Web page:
April 25, 2013, 8:00 am
In the fall, I reviewed the Logitech Ultrathin Bluetooth Keyboard for iPad. A few weeks ago, Belkin contacted ProfHacker and asked if we would consider reviewing their Ultimate Keyboard Case. I’ve been putting this keyboard through the paces for three weeks now (disclosure: Belkin provided me with a pre-production model for review). Available in May, this bluetooth keyboard case will retail at $99 ($129 for the white version).
Out of the box, set up was very easy. The iPad snapped into the protective case, and the bluetooth pairing was intuitive (though instructions are provided). One of the features I find most attractive about the Belkin keyboard case is the fact that it protects the back of the iPad. The Logitech case, if you will recall, left the iPad aluminum backing naked and vulnerable to dings, scratches, and other catastrophes. Not so with the Belkin. The iPad fits nicely…
February 18, 2013, 8:00 am
February 4, 2013, 8:00 am
A few weeks ago I did something which surprised my wife, and which surprised me: I bought a Kindle Paperwhite. Even more surprising, I like the Kindle a lot, and I find myself doing most of a certain kind of reading on the Kindle.
Here is a not-so-brief review of the device itself, followed by a few thoughts on the Kindle as an e-book ecosystem.
Size. First, the Paperwhite is light and small — less than half a pound, about the height and width of a small trade paperback, but a lot thinner. At that size, I never think about whether to bring the Kindle with me or not: the benefits of having it with me for the odd moment during the day outweighs the space and weight it takes up.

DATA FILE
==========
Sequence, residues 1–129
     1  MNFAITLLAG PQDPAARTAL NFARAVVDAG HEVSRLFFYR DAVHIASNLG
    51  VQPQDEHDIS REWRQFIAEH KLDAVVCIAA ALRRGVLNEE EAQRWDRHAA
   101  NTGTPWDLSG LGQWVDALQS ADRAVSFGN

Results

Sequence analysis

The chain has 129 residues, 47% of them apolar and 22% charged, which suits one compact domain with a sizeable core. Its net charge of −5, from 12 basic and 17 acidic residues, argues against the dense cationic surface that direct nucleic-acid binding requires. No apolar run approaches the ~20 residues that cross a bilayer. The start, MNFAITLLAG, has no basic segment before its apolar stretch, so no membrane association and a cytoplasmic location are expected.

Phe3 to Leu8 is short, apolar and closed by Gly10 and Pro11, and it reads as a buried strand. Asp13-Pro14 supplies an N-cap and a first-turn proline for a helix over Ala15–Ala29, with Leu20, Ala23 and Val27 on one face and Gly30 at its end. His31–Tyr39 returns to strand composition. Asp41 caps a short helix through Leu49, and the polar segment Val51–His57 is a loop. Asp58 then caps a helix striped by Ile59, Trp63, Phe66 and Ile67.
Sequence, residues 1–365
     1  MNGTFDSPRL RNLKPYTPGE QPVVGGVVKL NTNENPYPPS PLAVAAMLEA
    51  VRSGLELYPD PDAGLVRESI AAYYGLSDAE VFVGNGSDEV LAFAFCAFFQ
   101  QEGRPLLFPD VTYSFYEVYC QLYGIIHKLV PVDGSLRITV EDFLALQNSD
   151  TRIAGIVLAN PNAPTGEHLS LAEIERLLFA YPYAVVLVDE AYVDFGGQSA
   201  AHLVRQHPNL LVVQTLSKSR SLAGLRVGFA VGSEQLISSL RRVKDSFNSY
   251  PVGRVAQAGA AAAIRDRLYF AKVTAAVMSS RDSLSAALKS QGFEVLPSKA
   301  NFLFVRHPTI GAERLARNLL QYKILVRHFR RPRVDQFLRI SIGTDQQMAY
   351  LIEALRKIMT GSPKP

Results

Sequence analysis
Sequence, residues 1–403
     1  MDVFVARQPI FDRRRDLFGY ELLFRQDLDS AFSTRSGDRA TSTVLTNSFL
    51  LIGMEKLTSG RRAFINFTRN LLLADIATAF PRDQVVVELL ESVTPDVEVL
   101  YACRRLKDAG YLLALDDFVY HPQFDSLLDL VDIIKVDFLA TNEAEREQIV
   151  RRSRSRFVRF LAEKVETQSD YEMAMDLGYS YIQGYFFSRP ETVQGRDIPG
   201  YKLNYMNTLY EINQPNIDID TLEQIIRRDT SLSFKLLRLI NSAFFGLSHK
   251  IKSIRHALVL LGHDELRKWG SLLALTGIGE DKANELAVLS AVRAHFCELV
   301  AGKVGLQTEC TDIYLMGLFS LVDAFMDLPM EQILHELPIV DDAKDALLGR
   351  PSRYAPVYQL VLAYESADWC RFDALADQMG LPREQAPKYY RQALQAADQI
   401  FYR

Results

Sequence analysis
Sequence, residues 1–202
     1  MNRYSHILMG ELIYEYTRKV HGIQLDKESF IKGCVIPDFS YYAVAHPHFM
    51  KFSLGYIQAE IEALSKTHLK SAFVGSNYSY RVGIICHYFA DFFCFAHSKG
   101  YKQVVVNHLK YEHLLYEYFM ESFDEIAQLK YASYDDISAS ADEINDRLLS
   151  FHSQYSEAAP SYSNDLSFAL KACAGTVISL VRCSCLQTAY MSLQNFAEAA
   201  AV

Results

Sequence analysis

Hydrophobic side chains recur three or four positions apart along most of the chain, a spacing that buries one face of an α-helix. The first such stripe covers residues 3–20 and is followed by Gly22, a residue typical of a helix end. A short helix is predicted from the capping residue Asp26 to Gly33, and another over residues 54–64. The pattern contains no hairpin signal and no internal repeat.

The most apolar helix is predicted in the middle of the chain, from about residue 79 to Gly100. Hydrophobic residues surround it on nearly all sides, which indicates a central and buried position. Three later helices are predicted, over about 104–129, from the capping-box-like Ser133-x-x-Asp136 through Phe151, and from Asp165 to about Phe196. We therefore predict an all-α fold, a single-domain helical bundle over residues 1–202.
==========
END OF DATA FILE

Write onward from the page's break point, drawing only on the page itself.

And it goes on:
Screen. The Paperwhite’s screen is an e-ink display, like all of the Kindles except the Fire, and like e-readers such as the Barnes & Noble Nook. The advantage of the e-ink display over an…
January 21, 2013, 11:00 am
Do you have an old smart phone, tablet, or computer in a drawer or a closet somewhere that you never got around to selling or giving away? You might consider setting it up as a development server as Jason describes here. You can also set it up to act as an extra layer in your backup strategy.
This is what I decided to do with an old iPhone 3GS that still worked, except a testy headphone connection, that had a nice 32GB of space on it. I wanted an extra place to backup my mail and dump larger files quickly for transfer to other devices that might connect to my local network (including guests who visit). While I won’t go into all the steps in complete detail, here is basically what was required to get this up and running (I’m writing here from perspective of using an iPhone and connecting to it from other OS X devices):
- If you have an iPhone or iPad (rather than an Android or other …
January 8, 2013, 8:00 am
Before hitting grad school, I spent some pleasant months doing tech support at a call center for Norway’s largest internet provider. Back then, my minimum wage and a 31% income tax still left me with a living wage and four weeks paid vacation in one of the most expensive countries around, so I had very little to complain about.
Perhaps my favorite memory of that job, besides deciphering Norwegian dialects and slowly developing stereotypes about the people who stood behind them, was using the lone convertible standing desk in the office. Pressing a lever with your foot caused it to slowly rise, or allowed your hands to easily press it down to regular sitting height again. I came in early for each of my shifts to claim it. I spent most of my day standing, but loved the ability to quickly convert to a sitting position when I wanted to rest my legs and back. Surely this was the future, I …